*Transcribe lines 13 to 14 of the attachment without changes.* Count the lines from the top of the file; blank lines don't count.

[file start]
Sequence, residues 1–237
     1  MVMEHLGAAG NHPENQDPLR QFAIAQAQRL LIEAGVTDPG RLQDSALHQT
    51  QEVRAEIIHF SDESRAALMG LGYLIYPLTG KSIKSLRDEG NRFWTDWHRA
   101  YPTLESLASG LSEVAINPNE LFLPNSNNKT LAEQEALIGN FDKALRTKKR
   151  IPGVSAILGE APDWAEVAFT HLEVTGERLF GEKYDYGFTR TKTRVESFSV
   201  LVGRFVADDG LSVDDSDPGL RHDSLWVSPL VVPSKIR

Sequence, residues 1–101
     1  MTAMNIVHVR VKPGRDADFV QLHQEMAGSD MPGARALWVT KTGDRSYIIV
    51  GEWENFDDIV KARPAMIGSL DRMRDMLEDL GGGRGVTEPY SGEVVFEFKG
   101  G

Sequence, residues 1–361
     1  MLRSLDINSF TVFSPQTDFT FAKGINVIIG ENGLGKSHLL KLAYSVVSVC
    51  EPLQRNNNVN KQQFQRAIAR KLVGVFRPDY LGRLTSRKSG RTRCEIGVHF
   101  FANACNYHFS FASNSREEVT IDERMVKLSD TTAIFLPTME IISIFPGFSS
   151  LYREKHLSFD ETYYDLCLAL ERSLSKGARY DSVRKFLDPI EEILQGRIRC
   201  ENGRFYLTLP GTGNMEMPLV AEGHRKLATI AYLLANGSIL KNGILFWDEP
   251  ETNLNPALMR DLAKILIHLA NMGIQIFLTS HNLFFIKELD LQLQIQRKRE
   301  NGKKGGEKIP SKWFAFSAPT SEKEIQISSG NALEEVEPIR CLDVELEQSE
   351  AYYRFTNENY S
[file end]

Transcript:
    51  EPLQRNNNVN KQQFQRAIAR KLVGVFRPDY LGRLTSRKSG RTRCEIGVHF
   101  FANACNYHFS FASNSREEVT IDERMVKLSD TTAIFLPTME IISIFPGFSS